Game designer Frank Chadwick, who retained the rights to Command Decision after the GDW bankruptcy, posted early drafts of the version 3 rules to the mailing list, allowing people to download and play-test the new rules with their own groups all around the world. Comments and reactions were posted to the list, where they in turn prompted new observations, critiques, and game rules. So the design of Command Decision 3, rather than reflecting the tablets-from-on-high approach of the previous version, grew directly from the daily interactions between the game players and the game writers. With suggestions and observations filling the list, the distinction between player and writer became increasingly fuzzy.
Seattle war gamer Mark Serafin observes that "the third edition was in large part developed and play-tested by people on the mailer. . . . I think that we would have a third edition even without the mailer. . . . [but] the final product is better than it would have been."
Open Source gaming
Steve Jackson, owner and CEO of Steve Jackson Games, believes that the online fan base was critical to Command Decision's revival. "I have heard more than one person opine that GDW's failure to apprehend the proper use of the Net contributed to their fall," he says. "They had the kind of enthusiastic but widely spread user base that needed a Net presence to coordinate it." Steve Jackson Games, publisher of the paper-and-dice role-playing game GURPS and several other dice and card games, enthusiastically embraced the Internet. "We jumped on the Net very early as a communication and support tool for our noncomputer games. I know that it has done a lot for us . . . not just in terms of sales but also in terms of coordinating our writers and editors."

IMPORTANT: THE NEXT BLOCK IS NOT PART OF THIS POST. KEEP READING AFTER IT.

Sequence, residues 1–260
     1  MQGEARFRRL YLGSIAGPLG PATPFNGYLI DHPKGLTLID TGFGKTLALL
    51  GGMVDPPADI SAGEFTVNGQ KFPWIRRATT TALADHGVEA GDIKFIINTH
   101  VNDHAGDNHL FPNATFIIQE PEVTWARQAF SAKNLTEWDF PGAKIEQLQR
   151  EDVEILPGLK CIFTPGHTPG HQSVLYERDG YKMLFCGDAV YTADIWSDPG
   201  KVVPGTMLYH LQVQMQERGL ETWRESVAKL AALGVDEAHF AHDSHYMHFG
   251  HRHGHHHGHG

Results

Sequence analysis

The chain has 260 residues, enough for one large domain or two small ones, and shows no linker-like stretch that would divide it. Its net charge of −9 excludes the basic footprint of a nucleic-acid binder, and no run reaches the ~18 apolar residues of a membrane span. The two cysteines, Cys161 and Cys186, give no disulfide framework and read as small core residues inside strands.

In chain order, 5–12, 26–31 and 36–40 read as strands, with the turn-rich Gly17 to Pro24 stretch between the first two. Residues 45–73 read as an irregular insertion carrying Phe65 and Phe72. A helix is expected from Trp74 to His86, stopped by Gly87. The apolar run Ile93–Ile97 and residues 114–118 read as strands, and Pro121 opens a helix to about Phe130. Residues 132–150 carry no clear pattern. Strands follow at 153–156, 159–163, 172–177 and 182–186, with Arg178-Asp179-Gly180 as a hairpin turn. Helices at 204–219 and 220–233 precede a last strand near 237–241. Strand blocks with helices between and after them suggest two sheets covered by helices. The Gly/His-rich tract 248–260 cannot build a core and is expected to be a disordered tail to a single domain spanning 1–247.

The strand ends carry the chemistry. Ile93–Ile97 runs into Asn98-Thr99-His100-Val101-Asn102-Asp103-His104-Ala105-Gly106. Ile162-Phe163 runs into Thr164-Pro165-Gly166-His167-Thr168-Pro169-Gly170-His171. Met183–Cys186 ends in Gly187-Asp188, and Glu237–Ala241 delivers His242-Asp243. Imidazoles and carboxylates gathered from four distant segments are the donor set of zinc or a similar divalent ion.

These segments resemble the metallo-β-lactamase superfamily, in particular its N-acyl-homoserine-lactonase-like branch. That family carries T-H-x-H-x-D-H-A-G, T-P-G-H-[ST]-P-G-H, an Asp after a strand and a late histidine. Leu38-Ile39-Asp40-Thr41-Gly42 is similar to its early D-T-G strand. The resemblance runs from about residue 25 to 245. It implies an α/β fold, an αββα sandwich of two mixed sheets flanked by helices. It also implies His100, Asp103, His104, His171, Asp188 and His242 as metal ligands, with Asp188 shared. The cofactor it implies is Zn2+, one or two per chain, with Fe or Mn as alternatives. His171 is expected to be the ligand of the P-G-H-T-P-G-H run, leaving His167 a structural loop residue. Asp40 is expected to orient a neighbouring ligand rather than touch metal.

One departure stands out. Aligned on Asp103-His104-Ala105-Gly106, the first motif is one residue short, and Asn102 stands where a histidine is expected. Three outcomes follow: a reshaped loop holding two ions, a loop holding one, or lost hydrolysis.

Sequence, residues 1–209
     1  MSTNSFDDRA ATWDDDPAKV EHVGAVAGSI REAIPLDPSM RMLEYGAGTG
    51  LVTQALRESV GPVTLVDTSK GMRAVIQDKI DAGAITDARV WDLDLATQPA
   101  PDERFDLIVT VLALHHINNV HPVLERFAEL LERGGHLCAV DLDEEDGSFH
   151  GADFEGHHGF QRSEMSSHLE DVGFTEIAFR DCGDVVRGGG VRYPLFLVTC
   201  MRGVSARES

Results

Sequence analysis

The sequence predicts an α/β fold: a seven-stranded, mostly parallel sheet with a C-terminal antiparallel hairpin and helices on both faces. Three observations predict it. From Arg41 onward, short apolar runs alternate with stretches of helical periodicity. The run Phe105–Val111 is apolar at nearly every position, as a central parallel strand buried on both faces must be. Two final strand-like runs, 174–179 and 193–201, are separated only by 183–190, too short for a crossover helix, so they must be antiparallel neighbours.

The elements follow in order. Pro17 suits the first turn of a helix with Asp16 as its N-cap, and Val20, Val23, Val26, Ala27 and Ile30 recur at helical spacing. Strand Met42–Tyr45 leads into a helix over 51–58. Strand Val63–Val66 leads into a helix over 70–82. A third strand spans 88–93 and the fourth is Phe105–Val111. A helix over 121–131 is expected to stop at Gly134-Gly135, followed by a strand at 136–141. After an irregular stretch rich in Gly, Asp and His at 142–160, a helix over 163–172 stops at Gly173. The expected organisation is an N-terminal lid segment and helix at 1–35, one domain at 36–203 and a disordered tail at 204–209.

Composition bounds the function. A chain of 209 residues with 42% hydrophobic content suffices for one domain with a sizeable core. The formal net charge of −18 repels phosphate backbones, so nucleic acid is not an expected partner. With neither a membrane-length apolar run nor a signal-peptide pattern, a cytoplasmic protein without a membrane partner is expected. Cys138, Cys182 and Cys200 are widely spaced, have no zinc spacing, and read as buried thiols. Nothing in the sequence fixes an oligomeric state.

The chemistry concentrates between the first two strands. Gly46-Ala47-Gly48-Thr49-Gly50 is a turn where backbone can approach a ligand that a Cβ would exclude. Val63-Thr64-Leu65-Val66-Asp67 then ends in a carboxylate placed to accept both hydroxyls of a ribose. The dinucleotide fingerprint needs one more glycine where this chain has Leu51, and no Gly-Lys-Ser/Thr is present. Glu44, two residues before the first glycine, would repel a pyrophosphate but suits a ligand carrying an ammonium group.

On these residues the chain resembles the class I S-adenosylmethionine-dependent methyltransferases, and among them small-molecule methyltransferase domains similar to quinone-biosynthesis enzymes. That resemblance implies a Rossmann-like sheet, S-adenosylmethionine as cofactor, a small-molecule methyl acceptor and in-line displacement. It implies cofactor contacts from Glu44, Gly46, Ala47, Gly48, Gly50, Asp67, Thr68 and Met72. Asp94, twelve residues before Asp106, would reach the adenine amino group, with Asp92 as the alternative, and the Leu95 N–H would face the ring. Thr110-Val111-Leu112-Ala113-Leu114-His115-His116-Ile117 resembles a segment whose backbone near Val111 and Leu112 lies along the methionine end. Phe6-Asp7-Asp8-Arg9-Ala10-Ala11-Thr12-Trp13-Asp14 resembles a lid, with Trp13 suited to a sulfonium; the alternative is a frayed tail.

Every new publication in the GURPS series is play-tested by subscribers to Jackson's Web site/magazine, Pyramid. Early drafts of the rules are posted, and the writers of the rule books become active participants in electronic discussions about the publication. Jackson is convinced that the the quality of the final work is greatly improved.
The Internet allows traditional gaming to take advantage of the same kinds of forces and attractions that drive the Open Source Software movement. Open Source Software, producer of the operating system Linux and the Web server Apache, is based on the notion that visible source code makes for a better result. The source code for OSS products is made freely available to users, to be read over and altered as needed; OSS adherents claim that this leads to more efficient and bug-free software. Eric S. Raymond, in the seminal article "The Cathedral and the Bazaar," puts it this way: "Given enough eyeballs, all bugs are shallow."
In a similar fashion, making early drafts of game rules available to interested players corrects errors far more effectively than any overworked editor could. Game designers can react to critiques and observations, incorporating new perspectives and ideas as the drafts are revised. The end result is more likely to be a game that works well, is fun to play, and omits the various gaps in logic that often bedevil game publishers.
With Command Decision 3 in active use, the CD Mailer has returned to its roots as a resource for ideas. But with a global subscriber base and a strong sense of virtual community, it also is being used now to coordinate massive multi-group campaigns, with dozens of participants around the world playing out the entirety of the Russian Front. "The CD Mailer has become a watering hole for players in these campaigns to both coordinate and to boast of their battlefield victories," says Geipel. You can hear the happiness in his voice as he savors the irony: Once feared as the death of offline gaming, the Net has turned out instead to be its savior.